Principle 7: Local business and economies

Public space supports a dynamic economic life and vibrant urban and town centres.

Public space can include lively main streets, outdoor dining and cafés, and popular tourist destinations. They can be ideal for markets, food vans and live performance. These elements all bring activity, attracting residents, customers, employees and services, which in turn attracts business and investment.

In this way, think about how public space works with other buildings and other activities, so that people will form more of a connection to place. Remember that privately-owned spaces and commercial activity can work to support public space and make it more exciting,  so long as this doesn’t prevent public space from being free and accessible for everyone.

People might come to a busy street area to get some shopping done, access services or have a meal –town centres or shopping areas will be more likely to thrive if there’s quality public spaces where people can sit, rest and connect with each other.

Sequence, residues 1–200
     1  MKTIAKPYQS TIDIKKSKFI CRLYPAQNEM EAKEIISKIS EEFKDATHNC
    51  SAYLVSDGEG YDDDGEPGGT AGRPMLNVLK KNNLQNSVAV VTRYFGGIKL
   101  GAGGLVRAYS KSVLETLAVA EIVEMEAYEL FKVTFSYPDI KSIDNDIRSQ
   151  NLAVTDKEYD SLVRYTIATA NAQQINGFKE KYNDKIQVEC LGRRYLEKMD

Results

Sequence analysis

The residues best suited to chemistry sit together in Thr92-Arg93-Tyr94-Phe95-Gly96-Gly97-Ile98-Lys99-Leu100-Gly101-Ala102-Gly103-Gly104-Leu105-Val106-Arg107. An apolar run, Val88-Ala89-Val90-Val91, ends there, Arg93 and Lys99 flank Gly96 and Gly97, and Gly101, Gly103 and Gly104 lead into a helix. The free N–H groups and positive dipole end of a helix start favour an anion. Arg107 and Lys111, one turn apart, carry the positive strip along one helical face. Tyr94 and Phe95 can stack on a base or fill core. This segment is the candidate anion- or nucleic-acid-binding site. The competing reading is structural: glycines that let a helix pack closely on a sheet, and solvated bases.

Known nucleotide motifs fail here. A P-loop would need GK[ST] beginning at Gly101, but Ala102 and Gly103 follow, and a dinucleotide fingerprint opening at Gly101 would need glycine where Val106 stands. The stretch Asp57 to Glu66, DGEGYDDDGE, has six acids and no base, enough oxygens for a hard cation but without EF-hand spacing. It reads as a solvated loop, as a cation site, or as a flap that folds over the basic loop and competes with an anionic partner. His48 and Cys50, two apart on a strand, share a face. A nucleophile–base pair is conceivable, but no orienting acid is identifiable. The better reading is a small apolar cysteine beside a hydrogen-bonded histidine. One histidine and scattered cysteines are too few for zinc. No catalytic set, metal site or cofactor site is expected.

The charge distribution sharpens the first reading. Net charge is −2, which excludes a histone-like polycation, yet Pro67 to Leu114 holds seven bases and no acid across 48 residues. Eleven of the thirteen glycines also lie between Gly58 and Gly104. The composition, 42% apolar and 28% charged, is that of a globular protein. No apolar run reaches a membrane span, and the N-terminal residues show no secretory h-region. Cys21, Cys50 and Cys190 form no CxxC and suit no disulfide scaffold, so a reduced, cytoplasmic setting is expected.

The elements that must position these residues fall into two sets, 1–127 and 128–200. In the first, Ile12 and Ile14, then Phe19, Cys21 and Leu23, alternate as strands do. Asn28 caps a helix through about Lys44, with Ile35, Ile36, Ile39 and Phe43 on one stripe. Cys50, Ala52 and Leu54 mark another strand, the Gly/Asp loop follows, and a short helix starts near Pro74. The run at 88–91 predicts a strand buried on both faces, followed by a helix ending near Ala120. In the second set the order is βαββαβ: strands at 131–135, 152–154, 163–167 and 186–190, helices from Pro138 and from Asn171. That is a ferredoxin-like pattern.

As a public space, a busy, active street will become a vibrant and dynamic shopping and dining precinct that attract foot traffic and creates buzz. Neighbourhoods become destinations, which spurs innovation and improves land and property value.

If places like parks, plazas, libraries, museums and community centres feel safe and welcoming after dark, the broader area might be more likely to become a night-time destination. Understanding how people use public space at different times of the day should be a starting point to make decisions that could benefit the local economy at all hours.

This is an edited version of the charter. For the full text, please download: NSW Public Spaces Charter (PDF, 3.34 MB).